The results of phytochemistry analysis of Persea americana Mill Piper crocatum Ruiz and Puf are shown in Table 3. The in vitro antioxidant activity of Percea americana Mill and Piper crocatum Ruiz & Pav are showed in Table 4 and Table 5, respectively. Potential antioxidant activity of Persea americana Mill leaves extract was tested by comparison with antioxidant activity of vitamin C. The parameter used for antioxidant activity against DPPH radical was IC50 which indicated that concentration of compound is required to reduce DPPH radical by 50%. The smaller the value of IC50, the more effective the function of the assayed extracts as antioxidant agents.
Table 3: Phytochemistry analysis ethanol extract and ethyl acetat of Percea americana Mill and Piper crocatum Ruiz and Puf.
|Percea americana Mill extract||Piper crocatum Ruiz and Puf extract|
|ethanol||water||ethyl acetate||hexane||ethanol||water||ethyl acetate||hexane|
Table 4: In vitro antioxidant activities of leaf extracts of Persea americana Mill in various extraction fractions.
|Extract Fraction||Concentration (μg/mL)||% Inhibition||IC50 ((μ/mL)|
|Vitamin C (Positive control)||5||42.5||7.03|
Table 5: In vitro antioxidant activities of leaf extracts of Piper crocatum Ruiz & Pav in various extraction fractions.
|Extract Fraction||Concentration (μg/mL)||% Inhibition||IC50 ((μ/mL)|
|Vitamin C (Positive control)||5||42.5||7.03|
The results of in vivo assay of Persea americana Mill leaf extracts showed MDA levels before treatment was higher than MDA levels after treatment at 4 mg extract concentration (Fig 1). Meanwhile, Piper crocatum Ruiz & Pav leaf extracts also showed similar MDA levels before treatment was higher than MDA levels after treatment at 4 mg extract concentration (Fig 2).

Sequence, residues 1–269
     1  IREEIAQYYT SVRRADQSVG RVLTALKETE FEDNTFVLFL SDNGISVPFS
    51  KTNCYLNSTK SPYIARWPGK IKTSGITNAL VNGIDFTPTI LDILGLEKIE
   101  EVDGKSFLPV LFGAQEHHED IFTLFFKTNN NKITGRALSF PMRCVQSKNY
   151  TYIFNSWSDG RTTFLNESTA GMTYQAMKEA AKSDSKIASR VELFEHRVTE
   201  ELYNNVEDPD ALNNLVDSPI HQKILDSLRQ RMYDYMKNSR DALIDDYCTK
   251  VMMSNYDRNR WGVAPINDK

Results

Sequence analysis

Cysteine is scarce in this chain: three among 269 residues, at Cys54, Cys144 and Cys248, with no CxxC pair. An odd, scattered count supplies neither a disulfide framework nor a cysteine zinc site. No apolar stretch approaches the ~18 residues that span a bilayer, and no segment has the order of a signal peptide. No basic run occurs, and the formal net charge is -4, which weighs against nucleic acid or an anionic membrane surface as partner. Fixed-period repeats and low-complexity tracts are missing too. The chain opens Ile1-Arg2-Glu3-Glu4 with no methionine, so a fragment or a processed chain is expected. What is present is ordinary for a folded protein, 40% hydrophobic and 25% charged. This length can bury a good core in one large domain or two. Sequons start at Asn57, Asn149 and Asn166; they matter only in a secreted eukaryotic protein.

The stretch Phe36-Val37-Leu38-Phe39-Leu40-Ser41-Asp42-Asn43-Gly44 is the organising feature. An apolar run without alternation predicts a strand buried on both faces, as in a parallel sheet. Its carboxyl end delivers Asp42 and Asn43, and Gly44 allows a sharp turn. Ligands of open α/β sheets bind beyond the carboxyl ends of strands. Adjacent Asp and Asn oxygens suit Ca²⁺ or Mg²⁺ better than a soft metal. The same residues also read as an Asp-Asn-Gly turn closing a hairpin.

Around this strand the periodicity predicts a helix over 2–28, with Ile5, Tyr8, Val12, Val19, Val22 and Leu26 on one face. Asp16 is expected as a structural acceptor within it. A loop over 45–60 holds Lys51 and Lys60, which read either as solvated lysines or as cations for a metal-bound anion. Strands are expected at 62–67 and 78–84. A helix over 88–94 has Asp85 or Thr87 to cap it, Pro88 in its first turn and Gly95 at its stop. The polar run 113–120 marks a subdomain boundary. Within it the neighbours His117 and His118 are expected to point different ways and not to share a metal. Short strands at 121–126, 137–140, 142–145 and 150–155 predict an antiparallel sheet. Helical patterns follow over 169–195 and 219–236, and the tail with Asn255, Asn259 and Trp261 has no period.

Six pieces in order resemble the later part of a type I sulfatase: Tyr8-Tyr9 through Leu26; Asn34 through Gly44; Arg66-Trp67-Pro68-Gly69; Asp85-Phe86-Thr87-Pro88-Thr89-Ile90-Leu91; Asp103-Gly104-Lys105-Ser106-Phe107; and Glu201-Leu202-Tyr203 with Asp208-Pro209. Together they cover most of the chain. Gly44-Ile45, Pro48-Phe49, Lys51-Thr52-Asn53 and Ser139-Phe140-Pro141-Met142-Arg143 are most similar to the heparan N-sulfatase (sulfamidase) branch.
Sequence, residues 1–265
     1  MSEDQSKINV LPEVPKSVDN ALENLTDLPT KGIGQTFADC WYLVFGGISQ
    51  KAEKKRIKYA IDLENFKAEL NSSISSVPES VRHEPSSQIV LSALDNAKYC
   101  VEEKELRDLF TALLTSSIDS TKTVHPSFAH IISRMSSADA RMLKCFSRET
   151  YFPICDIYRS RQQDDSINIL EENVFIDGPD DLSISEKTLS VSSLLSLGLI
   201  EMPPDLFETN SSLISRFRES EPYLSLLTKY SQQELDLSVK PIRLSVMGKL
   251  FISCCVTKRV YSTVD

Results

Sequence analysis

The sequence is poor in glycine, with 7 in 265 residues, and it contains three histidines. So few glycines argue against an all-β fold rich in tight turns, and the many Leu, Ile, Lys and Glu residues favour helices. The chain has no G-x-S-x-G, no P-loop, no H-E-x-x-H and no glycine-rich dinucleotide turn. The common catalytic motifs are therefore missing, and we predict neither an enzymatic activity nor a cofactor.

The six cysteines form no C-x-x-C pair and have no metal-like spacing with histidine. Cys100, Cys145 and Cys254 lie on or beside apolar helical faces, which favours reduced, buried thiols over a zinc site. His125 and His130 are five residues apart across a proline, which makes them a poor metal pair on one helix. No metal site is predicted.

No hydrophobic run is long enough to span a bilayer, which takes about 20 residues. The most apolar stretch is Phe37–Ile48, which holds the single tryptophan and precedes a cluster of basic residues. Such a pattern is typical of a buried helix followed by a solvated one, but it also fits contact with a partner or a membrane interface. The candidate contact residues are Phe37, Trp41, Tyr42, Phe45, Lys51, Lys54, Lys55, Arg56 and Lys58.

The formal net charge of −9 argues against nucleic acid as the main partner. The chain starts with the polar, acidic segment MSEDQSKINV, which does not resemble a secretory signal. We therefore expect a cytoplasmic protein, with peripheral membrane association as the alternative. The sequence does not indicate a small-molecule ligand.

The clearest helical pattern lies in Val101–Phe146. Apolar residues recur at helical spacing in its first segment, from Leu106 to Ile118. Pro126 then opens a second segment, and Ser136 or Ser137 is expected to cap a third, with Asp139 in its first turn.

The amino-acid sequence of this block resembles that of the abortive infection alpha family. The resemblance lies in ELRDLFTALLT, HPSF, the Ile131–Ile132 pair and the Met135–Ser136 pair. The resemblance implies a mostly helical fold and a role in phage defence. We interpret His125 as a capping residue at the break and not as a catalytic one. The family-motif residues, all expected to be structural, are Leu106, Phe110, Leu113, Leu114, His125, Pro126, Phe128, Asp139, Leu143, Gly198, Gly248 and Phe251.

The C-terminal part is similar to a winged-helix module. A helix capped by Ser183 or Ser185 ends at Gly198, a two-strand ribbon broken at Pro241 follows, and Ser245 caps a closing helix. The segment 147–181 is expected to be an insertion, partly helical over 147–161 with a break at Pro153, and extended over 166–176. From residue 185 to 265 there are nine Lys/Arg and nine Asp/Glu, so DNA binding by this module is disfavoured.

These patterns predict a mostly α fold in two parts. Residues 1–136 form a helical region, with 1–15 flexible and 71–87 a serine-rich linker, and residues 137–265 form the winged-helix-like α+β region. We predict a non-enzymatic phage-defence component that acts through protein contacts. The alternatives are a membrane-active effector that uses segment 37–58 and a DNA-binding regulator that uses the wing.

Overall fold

|Figure 1: In vivo antioxidant activity of Persea americana Mill leaf extracts.
|Figure 2: In vivo antioxidant activity of Piper crocatum Ruiz & Pav leaf extracts.
For both studies of in vitro and in vivo assays, we used water as a negative control and vitamin C as a positive control. These methods were carried out to evaluate the antioxidant potential of Persea americana Mill and Piper crocatum Ruiz & Pav extracts against free radicals. In vitro antioxidant assays are very beneficial, cost-effective and time saving to investigate the antioxidant potential of Persea americana Mill and Piper crocatum Ruiz & Pav extracts before getting the extract to the in vivo mouse model for the antioxidant activity by free radical scavenging. Vitamin C as positive control is a water-soluble vitamin with the mechanism works as an antioxidant by stopping the propagation stage (chain-breaking antioxidant) and provides rapid electron transfer inhibiting lipid peroxidation, thus making the potent antioxidant of vitamin C.24 The differences of IC50 value of Persea americana Mill extract in water, ethanol, ethyl acetate and hexane are caused by the solvent polarity. Water and ethanol are polar solvents, ethyl acetate is semi polar and hexane is non-polar solvents.26,27 Identification of major and minor compounds in Persea americana Mill extract, ethanol, water and ethyl acetate were found to be most effective in the extraction of different compounds. Meanwhile Piper crocatum Ruiz & Pav extract pattern most effective in ethanol and water, but it was moderate in ethyl acetate. However, both Persea americana Mill and Piper crocatum Ruiz & Pav extracts were found none of constituent compounds in hexane.